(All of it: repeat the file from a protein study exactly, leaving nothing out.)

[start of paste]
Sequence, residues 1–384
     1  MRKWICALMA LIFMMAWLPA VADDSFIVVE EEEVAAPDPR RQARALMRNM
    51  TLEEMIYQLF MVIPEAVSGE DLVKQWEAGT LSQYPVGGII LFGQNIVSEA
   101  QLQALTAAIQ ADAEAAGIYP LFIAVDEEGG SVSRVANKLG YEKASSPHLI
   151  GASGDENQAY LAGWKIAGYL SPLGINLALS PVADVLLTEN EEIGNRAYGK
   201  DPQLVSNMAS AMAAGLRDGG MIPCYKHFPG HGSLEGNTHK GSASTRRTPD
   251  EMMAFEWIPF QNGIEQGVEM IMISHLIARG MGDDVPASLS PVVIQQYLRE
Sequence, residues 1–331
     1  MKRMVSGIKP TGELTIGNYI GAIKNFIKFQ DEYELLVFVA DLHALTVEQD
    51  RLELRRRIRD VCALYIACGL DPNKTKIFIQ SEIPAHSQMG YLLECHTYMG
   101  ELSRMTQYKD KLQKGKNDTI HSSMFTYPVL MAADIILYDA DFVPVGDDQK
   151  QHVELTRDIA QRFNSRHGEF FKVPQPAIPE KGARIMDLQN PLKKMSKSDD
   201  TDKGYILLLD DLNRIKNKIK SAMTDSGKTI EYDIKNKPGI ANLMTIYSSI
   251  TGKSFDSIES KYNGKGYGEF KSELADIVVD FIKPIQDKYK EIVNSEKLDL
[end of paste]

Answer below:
Sequence, residues 1–384
     1  MRKWICALMA LIFMMAWLPA VADDSFIVVE EEEVAAPDPR RQARALMRNM
    51  TLEEMIYQLF MVIPEAVSGE DLVKQWEAGT LSQYPVGGII LFGQNIVSEA
   101  QLQALTAAIQ ADAEAAGIYP LFIAVDEEGG SVSRVANKLG YEKASSPHLI
   151  GASGDENQAY LAGWKIAGYL SPLGINLALS PVADVLLTEN EEIGNRAYGK
   201  DPQLVSNMAS AMAAGLRDGG MIPCYKHFPG HGSLEGNTHK GSASTRRTPD
   251  EMMAFEWIPF QNGIEQGVEM IMISHLIARG MGDDVPASLS PVVIQQYLRE
Sequence, residues 1–331
     1  MKRMVSGIKP TGELTIGNYI GAIKNFIKFQ DEYELLVFVA DLHALTVEQD
    51  RLELRRRIRD VCALYIACGL DPNKTKIFIQ SEIPAHSQMG YLLECHTYMG
   101  ELSRMTQYKD KLQKGKNDTI HSSMFTYPVL MAADIILYDA DFVPVGDDQK
   151  QHVELTRDIA QRFNSRHGEF FKVPQPAIPE KGARIMDLQN PLKKMSKSDD
   201  TDKGYILLLD DLNRIKNKIK SAMTDSGKTI EYDIKNKPGI ANLMTIYSSI
   251  TGKSFDSIES KYNGKGYGEF KSELADIVVD FIKPIQDKYK EIVNSEKLDL